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Governor's STEM Summit

The following information was presented at Governor Mary Fallin's STEM & Entrepreneurship Summit on November 2, 2017.

Five Years of Tech Trek at SWOSU

From 2013 to 2017, members of the American Association of University Women (AAUW) collaborated with Southwestern Oklahoma State University (SWOSU) and other supporters to conduct Tech Trek at SWOSU – a week-long residential camp with the goal of increasing awareness and enthusiasm for science, technology, engineering, and math (STEM) careers in girls entering the eighth grade.

Over the past Five years, Tech Trek at SWOSU has served:

image of Oklahoma map with county lines and names that demonstrates 208 campers, 42 OK counties served and 11 campers returned as junior counselors

2017 Tech Trek Components:

Core Courses: 12 Hours in One STEM Field

  • Science – Oil and gas by OERB and the Need Project (Conoco Phillips)
  • Technology – Mobile app inventor (MIT)
  • Engineering – Hydraulics and pneumatics to create movement
  • Math – Custom hula hoops, Newton’s Cradle, and “Pixar in a box”
  • OSBI, forensics, and DNA necklaces
  • Blue Thumb water quality
  • Pharmacy calculations and compounding
  • Symantec cyber security
  • Robots built from recycled materials and hummingbird kits

Workshops: 2 to 6 Hours in All STEM Fields

  • OSBI, forensics, and DNA necklaces
  • Blue Thumb water quality
  • Pharmacy calculations and compounding
  • Symantec cyber security
  • Robots built from recycled materials and hummingbird kits
  • Oklahoma City National Memorial and Museum – Uncover/discover lab
  • Devon Energy – Geology, engineering, and career development
  • iFly Indoor Skydiving – The Science of Flight (as presented by NASA EPSCoR)

image of hexagonal grouping with pictures of students participating in various SAGE STEAM Camp activities

Professional Women’s Night: Speed-meeting with 41 STEM Mentors

Field Trips: On-site STEM Learning in OKC

  • Oklahoma City National Memorial and Museum – Uncover/discover lab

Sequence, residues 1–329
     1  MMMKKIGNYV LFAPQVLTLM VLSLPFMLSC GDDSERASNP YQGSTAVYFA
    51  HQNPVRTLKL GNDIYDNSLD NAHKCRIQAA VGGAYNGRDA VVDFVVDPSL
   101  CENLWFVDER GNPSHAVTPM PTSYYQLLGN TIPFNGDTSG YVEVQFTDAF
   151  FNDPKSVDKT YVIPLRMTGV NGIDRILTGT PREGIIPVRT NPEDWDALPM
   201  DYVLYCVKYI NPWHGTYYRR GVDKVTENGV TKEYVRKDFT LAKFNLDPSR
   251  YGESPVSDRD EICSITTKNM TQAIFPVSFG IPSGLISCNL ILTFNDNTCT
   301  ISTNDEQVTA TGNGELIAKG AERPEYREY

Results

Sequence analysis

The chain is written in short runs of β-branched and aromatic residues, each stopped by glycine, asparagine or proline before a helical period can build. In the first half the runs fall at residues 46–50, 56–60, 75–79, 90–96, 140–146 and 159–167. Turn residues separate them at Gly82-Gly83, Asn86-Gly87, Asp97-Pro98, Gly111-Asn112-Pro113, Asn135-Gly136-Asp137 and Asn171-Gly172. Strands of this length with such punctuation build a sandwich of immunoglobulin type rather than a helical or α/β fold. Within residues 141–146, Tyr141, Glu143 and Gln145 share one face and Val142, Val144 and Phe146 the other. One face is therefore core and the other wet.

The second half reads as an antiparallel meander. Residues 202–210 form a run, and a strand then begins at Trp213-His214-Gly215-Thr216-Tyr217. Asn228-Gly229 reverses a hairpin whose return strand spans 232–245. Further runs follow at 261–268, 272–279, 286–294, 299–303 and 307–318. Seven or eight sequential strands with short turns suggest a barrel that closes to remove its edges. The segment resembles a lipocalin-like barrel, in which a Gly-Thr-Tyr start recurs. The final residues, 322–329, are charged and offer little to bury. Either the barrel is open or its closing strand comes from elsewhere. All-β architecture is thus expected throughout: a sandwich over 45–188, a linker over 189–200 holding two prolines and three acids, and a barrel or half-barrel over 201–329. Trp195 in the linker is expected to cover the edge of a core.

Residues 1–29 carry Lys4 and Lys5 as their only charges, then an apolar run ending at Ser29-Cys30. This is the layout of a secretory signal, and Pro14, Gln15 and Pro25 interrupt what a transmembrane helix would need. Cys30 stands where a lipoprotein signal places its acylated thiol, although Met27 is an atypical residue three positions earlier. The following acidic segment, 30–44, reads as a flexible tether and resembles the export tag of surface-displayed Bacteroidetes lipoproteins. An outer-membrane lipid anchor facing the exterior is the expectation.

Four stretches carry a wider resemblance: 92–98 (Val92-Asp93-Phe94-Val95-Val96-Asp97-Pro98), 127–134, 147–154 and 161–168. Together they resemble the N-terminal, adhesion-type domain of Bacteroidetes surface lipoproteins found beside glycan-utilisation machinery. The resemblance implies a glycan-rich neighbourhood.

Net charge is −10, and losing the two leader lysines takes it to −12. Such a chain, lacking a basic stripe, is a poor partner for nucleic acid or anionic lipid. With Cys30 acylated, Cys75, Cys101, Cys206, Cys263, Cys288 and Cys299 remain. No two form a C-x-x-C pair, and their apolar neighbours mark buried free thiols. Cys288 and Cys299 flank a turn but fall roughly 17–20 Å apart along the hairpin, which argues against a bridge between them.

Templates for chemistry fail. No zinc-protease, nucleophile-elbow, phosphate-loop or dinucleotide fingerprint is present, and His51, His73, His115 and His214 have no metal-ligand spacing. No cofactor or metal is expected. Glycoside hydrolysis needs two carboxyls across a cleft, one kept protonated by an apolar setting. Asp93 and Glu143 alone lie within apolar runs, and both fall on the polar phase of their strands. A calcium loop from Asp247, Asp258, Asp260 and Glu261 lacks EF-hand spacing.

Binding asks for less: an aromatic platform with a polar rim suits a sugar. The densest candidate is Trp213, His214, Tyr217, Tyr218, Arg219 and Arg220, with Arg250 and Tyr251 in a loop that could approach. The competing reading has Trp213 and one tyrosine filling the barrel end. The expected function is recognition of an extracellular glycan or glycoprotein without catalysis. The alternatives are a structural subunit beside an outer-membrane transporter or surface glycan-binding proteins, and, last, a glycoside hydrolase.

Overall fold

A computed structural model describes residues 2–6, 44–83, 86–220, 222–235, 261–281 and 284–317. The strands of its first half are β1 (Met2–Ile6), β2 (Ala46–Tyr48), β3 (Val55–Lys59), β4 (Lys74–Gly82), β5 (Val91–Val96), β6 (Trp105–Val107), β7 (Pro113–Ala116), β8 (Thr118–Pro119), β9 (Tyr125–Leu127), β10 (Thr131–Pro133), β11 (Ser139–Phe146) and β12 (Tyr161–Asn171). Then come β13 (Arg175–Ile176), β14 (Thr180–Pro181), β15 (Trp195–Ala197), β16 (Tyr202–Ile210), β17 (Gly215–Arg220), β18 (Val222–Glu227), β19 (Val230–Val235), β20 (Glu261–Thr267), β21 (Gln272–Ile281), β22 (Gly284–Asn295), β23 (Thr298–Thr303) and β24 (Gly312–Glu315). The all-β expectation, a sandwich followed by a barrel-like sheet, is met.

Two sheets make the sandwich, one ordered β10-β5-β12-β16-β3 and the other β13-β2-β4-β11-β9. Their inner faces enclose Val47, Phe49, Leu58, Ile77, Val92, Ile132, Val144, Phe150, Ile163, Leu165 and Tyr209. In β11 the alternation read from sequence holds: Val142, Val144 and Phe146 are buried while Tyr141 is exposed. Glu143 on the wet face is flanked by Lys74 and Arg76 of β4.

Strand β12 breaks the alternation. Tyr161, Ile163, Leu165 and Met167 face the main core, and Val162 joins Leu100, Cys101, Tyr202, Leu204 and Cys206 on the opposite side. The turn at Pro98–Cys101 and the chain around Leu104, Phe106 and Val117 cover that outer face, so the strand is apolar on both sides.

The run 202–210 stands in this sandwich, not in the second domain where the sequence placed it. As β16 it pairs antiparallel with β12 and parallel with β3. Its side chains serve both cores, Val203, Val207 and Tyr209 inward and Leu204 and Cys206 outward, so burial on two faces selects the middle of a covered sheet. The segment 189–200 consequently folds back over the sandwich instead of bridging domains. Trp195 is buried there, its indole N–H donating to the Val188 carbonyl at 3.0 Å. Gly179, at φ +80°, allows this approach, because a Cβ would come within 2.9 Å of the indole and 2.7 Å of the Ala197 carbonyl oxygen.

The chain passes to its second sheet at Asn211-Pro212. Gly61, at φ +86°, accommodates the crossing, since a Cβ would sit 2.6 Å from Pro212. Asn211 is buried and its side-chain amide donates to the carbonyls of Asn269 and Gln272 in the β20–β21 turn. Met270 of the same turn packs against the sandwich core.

• Devon Energy – Geology, engineering, and career development
  • iFly Indoor Skydiving – The Science of Flight (as presented by NASA EPSCoR)

Extra Workshops: To Promote Additional Growth

  • Icebreakers
  • Reflections
  • Thank-you note writing
  • Professional etiquette
  • Team banners
  • Tie-dye goggles
  • Record-keeping
  • Graduation and awards program

In 2017, the following results were found:

image that says over 88 percent of campers agreed that tech trek at SWOSU helped them very much to develop new hands-on skills and knowledge in STEM. There is a graphic of eight green women icons, one purple and green woman icon and one purple icon.

image that says over 80 percent of Tech Trek at SWOSU campers strongly agreed to statements regarding their interest, confidence in succeeding and future participation in STEM.

image of a hexagonal figure filled with type that says over 67 percent of campers agreeing that Tech Trek at SWOSU helped them try much to develop transferable skills in communication and teamwork.
image of a hexagonal figure filled with type that says over 98 percent of campers reported that Tech Trek at SWOSU helped them very much to make new friends.
bar graph that shows that Girls were given the same ten-question exam before (pre) and after (post) completing twelve hours of one core course in science, technology, engineering, or math. Results are shown in the graph (left) as the exam mean plus the standard deviation on average, there was a 62.2 percent improvement in scores.

Girls were given the same 10-question exam before (pre) and after (post) completing 12 hours of one core course in science, technology, engineering or math. Results are shown in the graph (left) as the exam mean plus the standard deviation on average, there was a 62.2 percent improvement in scores.